The class action, brought by lawyers Maurice Blackburn, alleges that Woolworths breached continuous disclosure obligations and engaged in misleading conduct by giving profit guidance that couldn’t be met.
In a statement Woolworths said that a proposed class action by off-shore litigation funder IMF Bentham and Maurice Blackburn was previously announced on 11 April 2017.
However, after discussions with Woolworths, IMF Bentham announced on 24 January 2018 that it had decided not to proceed with funding the claim as “it considered that the proposed class action did not meet its investment criteria”. Woolworths claimed that it received no further correspondence since that time.
Woolworths investors suffered losses following an announcement from the group in February 2015 that its sales and profit growth would be below guidance, something that had previously been given and reaffirmed, as well as the revelation in May 2015 that it had been using the wrong metrics in relation to price competitiveness and stock availability in the second half of 2014 and until January 2015.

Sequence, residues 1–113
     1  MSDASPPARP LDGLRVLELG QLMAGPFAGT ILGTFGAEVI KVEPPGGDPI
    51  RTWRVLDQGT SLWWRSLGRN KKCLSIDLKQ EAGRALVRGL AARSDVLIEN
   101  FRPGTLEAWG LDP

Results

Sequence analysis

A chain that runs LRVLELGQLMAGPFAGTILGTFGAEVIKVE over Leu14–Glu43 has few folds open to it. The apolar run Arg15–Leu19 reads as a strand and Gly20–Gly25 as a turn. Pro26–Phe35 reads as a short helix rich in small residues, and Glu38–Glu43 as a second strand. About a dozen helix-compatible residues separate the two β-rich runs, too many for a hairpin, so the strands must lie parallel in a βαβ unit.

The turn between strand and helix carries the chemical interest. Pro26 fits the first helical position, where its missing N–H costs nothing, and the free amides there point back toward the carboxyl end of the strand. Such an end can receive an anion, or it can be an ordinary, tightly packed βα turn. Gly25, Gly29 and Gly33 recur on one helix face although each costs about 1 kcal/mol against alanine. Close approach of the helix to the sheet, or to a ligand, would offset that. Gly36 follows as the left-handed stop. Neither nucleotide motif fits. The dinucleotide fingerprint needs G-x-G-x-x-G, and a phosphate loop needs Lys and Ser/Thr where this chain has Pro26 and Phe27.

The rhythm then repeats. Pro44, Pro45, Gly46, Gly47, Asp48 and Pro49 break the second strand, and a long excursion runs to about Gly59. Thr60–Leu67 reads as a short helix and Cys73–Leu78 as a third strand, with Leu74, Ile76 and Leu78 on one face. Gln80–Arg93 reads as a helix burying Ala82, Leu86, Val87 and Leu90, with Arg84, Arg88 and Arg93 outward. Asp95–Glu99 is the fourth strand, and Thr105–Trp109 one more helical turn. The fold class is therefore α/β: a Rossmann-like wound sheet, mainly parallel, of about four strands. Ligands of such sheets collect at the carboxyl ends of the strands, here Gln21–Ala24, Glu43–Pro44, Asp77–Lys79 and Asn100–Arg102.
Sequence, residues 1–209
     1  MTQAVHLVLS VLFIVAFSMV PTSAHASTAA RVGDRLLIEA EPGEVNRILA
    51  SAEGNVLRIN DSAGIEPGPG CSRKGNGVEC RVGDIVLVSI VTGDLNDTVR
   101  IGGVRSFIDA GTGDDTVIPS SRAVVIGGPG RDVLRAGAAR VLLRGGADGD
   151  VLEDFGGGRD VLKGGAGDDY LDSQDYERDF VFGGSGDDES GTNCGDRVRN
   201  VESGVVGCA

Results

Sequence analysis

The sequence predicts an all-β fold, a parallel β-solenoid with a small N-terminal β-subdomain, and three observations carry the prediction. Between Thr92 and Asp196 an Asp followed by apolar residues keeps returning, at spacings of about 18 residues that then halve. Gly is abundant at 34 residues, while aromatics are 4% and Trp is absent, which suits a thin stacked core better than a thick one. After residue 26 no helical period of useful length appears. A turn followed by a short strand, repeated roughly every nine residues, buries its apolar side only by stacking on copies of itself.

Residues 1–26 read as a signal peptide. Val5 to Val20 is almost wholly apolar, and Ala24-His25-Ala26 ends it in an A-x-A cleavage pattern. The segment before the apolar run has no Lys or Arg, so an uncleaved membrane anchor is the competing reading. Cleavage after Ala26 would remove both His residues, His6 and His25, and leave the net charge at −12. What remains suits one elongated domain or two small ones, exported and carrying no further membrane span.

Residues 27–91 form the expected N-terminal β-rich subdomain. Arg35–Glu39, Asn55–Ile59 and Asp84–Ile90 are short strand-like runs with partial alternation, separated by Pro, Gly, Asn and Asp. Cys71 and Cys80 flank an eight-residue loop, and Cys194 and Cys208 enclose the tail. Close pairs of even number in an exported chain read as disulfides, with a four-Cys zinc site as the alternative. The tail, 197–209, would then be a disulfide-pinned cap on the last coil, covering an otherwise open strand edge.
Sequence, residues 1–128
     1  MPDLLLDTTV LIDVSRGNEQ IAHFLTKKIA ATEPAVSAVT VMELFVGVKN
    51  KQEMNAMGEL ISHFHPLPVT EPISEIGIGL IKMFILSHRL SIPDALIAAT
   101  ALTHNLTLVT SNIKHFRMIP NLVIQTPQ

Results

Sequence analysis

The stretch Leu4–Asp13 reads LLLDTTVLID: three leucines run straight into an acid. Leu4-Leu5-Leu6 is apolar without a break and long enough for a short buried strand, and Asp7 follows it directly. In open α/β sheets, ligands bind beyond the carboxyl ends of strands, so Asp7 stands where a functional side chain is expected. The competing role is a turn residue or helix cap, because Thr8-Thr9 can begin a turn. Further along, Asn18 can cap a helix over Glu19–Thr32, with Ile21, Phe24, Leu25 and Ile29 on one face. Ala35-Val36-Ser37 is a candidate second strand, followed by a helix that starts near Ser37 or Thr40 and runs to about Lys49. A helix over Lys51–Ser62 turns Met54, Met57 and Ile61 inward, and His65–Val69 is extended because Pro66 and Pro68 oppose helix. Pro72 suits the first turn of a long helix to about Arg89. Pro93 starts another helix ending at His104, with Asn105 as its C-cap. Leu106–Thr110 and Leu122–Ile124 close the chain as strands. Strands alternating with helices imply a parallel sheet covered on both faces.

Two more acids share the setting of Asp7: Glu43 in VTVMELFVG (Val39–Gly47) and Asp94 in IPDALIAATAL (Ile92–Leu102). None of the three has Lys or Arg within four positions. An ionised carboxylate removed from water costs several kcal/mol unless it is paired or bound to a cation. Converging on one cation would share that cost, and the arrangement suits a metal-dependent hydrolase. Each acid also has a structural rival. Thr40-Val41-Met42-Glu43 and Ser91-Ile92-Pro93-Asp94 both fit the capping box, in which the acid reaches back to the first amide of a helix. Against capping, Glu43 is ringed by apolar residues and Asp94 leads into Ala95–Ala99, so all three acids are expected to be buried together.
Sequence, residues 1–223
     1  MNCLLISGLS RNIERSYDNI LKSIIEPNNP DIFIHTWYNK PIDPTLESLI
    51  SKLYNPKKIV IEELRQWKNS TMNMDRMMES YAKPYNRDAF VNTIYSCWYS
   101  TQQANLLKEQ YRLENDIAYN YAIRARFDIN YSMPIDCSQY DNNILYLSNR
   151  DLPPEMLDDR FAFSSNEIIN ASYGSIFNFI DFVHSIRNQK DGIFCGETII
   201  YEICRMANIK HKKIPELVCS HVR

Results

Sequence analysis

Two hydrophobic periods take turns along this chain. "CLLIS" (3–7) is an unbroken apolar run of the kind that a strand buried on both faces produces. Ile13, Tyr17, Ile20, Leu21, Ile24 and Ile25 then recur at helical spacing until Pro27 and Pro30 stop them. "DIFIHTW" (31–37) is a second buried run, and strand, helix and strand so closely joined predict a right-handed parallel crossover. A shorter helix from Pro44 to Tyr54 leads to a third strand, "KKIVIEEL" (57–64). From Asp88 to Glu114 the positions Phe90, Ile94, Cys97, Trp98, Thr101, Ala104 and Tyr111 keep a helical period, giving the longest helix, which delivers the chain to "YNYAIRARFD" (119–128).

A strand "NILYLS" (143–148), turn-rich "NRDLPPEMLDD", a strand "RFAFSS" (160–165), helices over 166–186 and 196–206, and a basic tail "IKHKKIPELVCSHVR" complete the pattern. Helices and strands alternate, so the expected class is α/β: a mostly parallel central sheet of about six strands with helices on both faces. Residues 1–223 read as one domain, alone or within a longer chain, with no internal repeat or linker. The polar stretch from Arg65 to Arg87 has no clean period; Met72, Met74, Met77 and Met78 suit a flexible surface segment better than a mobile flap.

Maurice Blackburn class actions principal Andrew Watson said: “Cases such as this reinforce the need to increase and enhance transparency and proper disclosures from large listed companies, and to ensure they are held to account if they fail to provide the market with accurate information.”
Lead plaintiff Norman Wills said that while he was aware of the natural volatility of the share market, he was shocked to learn about the disclosure issues of what he considered to be a well-run operation.
“It turns out that what I thought was one of the most reliable companies on the ASX with good businesses at its core, looks like it has failed to inform the market of what was going on within the company.” Wills said.
This story first appeared on sister site InsideFMCG.